I’ve always been a sucker for the sappy, plot-easily-followed kind of “flick” that ends happily. Take Mr. Holland’s Opus — and others like it — where movie-goers had best take multiple hankies.
Richard Dreyfuss starred in this tear-jerker a full quarter-century ago. Opus is a great story to watch — or re-watch — while we’re marooned in our homes, sometimes with “virtually” nothing to do. The “main guy” is a beloved band director.
It underscores a theory I’ve had over a 40-year career in higher education. There’s no middle ground for band members’ views of their directors. They are loved or reviled, thanked or blamed, upheld or downtrodden. Most of them seem comfortable in extreme approaches to music, and most everything else …
In my judgment, Greg Berry, now nestled in the grandeur of Colorado mountains with Leta — his wife of 61 years — ranks number one on my list of unorthodox band directors. Leta richly deserves to spend life’s eventide in such resplendent repose, even if it is with an old guy whose eardrums have sustained the blasts of too many sour notes lofted in lousy band halls.
They both were my college classmates. Leta has been at his side during collegiate band posts at Howard Payne, Wayland and Samford Universities. (After Samford, he directed a renowned community band in Birmingham, where his daytime career switched to investments and the stock market for 17 years.)
They were beloved wherever they went, but their bubbling pot of grand memories began at Azle High School in the 1960s.. For his final AHS concert in 1968, he rented the Will Rogers Auditorium in Fort Worth. They slapped on bumper stickers and employed numerous other advertising methods to promote the event, which attracted 2,000 persons. “American Civil War Fantasy” and “Battle Hymn of the Republic” were featured, as was a student’s reading of the Gettysburg Address. The audience roared …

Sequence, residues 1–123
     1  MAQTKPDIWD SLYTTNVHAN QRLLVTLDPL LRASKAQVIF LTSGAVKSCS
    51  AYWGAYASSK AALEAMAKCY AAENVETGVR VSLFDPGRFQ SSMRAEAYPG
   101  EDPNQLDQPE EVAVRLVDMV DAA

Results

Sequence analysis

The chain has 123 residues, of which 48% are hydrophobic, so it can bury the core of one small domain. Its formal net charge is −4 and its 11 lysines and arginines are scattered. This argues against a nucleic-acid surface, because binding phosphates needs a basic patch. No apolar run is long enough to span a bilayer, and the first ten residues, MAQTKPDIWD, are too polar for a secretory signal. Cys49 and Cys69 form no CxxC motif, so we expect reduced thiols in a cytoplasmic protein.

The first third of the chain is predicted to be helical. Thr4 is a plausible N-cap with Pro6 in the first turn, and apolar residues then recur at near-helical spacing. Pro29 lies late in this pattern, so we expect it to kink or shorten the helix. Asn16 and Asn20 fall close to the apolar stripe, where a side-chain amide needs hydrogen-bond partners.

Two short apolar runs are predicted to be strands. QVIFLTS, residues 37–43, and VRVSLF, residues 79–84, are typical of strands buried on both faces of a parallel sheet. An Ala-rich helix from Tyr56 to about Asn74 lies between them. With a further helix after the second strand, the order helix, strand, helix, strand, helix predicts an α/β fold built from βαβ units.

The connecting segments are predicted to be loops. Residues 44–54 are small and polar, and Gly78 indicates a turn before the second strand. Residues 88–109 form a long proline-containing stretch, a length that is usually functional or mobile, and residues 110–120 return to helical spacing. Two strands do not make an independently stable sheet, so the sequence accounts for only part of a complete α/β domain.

Unscripted after curtain calls was a presentation by band president Johnny Miller. Leta was called to Greg’s side. The AHS band’s gift — said to be “just between the band and the Berrys” — was an all-expenses-paid vacation to Nassau. Rest-of-the-story must be shared. Members paid for the gift NOT with cash, but with S&H Green Stamps, gathered throughout the community and dumped at the redemption center.
It didn’t stop there. The junior high band collected $150 for “spending money,” and beginner band families provided free babysitting for the couple’s four children. Greg had just gotten his pilot license, so they rented a rickety, fabric plane. Off they flew to Florida to board a big jet to Nassau.
Apprehension set in as the tiny craft climbed to avoid Carswell AFB airspace. A radio message — instructing Greg to change frequencies — was voiced by the band booster president, an FAA employee, who said, “GOOD MORNING, GREG! GOOD MORNING, LETA!”
Years later, during Greg’s Wayland tenure, I had just begun “presidenting” at Western Texas College in Snyder, a couple of hours’ drive from Plainview. When his band played at our Sunday night church service, I shrunk in a far-back pew, thinking Greg might not know of our WTC role. It was to no avail. Soon, reality set in. “Our next number is a favorite of your new president,” he said. Truly, it was — and remains — a favorite. Somehow, though, “The Orange Blossom Special” seemed a bit daring for a church service 40 years ago.
Another memorable director was the late Carl McCord, who — in his 70s — started the Early High School marching band in 1954. He was the most patient director ever. I played baritone horn, sometimes hitting the right notes. And, unlike the “Music Man message,” we didn’t have 76 trombones. With 30 or so members, almost all beginners, we NEVER were asked to lead big parades.
It is small comfort that we who muddled in the “bottom half” of the band made the “top half” possible …
Dr. Newbury is a former educator who writes weekly and is a longtime public speaker. Comments/speaking inquiries to: email@example.com. Phone: 817-447-3872. Website: www.speakerdoc.com Twitter: @donnewbury. Facebook: don newbury